Implanted User Interface Gives Patients New Options
Placed just under the skin, implanted UIs could accept touch inputs, giving users with implanted medical equipment such as pacemakers more control over their device's operation.
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Pacemakers and other implanted medical devices have become commonplace. But being able to directly interact with implants--via user interfaces that are implanted as well--still might strike some as science fiction a la the Terminator.
Researchers who are testing implanted user interfaces say the appliances will enable people who have implanted medical devices such as pacemakers to recharge and reprogram them without the use of wireless transmissions, which are considered vulnerable to hacking.
"So far, people have only been able to get those implants checked by making a trip to a physician or by interacting with wireless technologies such as Bluetooth. But there hasn't been a lot of direct interaction with implanted devices, and indirect wireless communications have raised some security concerns," said Christian Holz of the University of Potsdam in Germany, in an interview with InformationWeek Healthcare.
Holz and his colleagues from Autodesk Research in Toronto and the University of Toronto will present a paper on their findings at the upcoming Association of Computing Machinery conference in Austin, Texas. They shared the article with InformationWeek Healthcare ahead of its publication in the proceedings of that conference, which is devoted to human-computer interaction.
Using a cadaver as their subject, the researchers showed that it's possible to communicate with a small UI device that is implanted just below the skin of the arm. Some of the output is sensory, such as vibrations or sounds that might alert a patient with a pacemaker that the device's battery is nearly discharged. They also tested pressure and light sensors for entering information. In addition, they successfully recharged batteries through a "powering mat" placed on top of the skin.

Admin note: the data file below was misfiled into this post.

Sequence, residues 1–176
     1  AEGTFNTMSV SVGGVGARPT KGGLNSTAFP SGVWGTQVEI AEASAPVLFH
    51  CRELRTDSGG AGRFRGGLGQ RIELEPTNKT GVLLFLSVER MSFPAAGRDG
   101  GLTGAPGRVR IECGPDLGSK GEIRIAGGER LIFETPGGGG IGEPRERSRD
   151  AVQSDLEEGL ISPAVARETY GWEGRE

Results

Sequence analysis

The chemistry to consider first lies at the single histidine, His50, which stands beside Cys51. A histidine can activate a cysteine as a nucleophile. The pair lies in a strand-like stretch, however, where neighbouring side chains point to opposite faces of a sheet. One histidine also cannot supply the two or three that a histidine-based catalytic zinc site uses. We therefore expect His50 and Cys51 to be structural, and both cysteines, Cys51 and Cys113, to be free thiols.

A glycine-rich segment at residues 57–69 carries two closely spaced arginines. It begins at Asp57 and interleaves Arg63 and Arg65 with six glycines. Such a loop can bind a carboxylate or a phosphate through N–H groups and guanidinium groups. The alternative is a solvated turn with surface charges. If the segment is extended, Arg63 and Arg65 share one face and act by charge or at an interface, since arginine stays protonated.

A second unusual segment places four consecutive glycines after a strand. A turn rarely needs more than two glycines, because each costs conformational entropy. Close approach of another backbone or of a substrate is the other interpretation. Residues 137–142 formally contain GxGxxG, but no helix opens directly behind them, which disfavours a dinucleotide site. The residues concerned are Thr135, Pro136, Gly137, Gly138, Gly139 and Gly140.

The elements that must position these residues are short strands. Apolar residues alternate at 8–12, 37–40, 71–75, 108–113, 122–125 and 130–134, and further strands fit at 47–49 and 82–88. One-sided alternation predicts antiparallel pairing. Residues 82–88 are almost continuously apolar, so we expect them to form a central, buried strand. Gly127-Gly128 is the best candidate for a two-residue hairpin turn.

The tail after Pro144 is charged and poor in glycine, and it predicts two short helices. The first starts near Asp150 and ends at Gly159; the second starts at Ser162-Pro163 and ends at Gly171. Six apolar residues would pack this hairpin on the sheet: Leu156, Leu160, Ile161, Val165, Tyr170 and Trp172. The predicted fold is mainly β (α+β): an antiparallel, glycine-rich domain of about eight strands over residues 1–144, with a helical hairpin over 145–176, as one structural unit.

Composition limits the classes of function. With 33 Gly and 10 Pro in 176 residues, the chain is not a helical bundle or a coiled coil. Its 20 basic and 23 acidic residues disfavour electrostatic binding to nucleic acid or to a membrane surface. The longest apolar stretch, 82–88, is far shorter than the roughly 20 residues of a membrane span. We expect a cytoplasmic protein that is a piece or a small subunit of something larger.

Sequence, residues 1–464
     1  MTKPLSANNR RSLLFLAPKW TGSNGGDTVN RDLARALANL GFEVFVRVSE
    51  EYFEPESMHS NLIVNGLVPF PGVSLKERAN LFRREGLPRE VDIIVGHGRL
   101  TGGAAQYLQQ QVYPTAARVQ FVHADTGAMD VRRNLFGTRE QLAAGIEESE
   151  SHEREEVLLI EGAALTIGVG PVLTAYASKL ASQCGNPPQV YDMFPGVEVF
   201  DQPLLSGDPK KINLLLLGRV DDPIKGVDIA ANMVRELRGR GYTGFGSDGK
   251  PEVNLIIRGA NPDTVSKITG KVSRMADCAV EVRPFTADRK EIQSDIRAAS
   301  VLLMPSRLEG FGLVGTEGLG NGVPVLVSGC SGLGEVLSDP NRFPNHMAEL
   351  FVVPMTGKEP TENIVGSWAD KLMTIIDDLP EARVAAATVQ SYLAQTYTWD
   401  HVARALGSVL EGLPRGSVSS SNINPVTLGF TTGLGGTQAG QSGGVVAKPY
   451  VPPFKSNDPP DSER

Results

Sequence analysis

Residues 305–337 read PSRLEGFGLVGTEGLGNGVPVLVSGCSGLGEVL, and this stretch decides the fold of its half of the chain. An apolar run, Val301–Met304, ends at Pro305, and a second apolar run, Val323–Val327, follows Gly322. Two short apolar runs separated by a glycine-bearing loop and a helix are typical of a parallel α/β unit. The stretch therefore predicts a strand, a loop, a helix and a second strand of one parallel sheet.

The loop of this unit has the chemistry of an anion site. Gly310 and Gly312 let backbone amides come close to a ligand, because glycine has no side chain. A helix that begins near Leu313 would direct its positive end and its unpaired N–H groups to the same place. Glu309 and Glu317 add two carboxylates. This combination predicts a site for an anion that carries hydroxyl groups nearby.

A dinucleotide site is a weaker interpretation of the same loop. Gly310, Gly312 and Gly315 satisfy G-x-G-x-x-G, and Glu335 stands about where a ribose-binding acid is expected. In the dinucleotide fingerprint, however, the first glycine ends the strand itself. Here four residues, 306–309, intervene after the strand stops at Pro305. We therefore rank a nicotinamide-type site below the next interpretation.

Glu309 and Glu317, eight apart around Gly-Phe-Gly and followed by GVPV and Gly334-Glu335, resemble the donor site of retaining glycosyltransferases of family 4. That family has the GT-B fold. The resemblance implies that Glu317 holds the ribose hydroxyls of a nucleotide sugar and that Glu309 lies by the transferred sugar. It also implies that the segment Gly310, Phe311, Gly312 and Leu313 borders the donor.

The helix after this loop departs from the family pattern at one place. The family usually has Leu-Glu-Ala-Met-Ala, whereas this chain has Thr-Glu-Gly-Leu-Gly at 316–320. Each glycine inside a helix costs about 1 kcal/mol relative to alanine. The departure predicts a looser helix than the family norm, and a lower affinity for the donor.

Despite the security issues, the researchers also tested Bluetooth transmissions that could prompt a smartphone or other wireless hub to send signals to a care manager or physician. They discovered that data transmission was hardly affected by the skin covering their UI device.
In contrast to current implanted medical devices, which can do only what they're programmed to do, those equipped with or attached to an implanted UI "could support a wide range of applications and tasks," the paper says. For example, if a pacemaker malfunctions, it could be reprogrammed.
"But that doesn't mean the person is entirely in control," said Holz. "A lot of these malfunctioning pacemakers can be adjusted by reprogramming them. But so far, there's no option for anyone but the physician to do that."
Implanted units have several advantages over mobile and wearable UI devices, the study says: the implanted units travel with the user, are invisible, and are impervious to the weather. So far, there has been no other research on this type of appliance, according to Holz, but he and his colleagues see a lot of potential for it because of the continuing miniaturization of the technologies involved.
Holz and his colleague Tovi Grossman of Autodesk, who also spoke with InformationWeek Health, admitted that much more research needs to be done before their vision becomes reality. Among other things, studies must assess the infection risks of implanted UI devices. Also, it's not clear exactly how people would interact with the devices implanted under their skins. Holz said the interface device could use barely audible sounds or vibrations to warn users of some problem with a medical device or its battery without making others aware of the alert. If a device used Bluetooth to make a smartphone ring, in contrast, "this would be very noticeable to everyone, plus it would require you to have the iPhone with you to see the message," he said.
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